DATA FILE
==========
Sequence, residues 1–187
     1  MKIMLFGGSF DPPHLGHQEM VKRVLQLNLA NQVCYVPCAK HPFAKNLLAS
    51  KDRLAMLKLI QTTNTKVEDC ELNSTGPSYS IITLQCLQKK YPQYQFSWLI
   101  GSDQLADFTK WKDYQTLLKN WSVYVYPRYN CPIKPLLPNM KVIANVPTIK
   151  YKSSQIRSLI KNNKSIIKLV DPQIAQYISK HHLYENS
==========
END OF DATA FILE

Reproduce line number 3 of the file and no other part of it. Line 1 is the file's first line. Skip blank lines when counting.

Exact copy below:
    51  KDRLAMLKLI QTTNTKVEDC ELNSTGPSYS IITLQCLQKK YPQYQFSWLI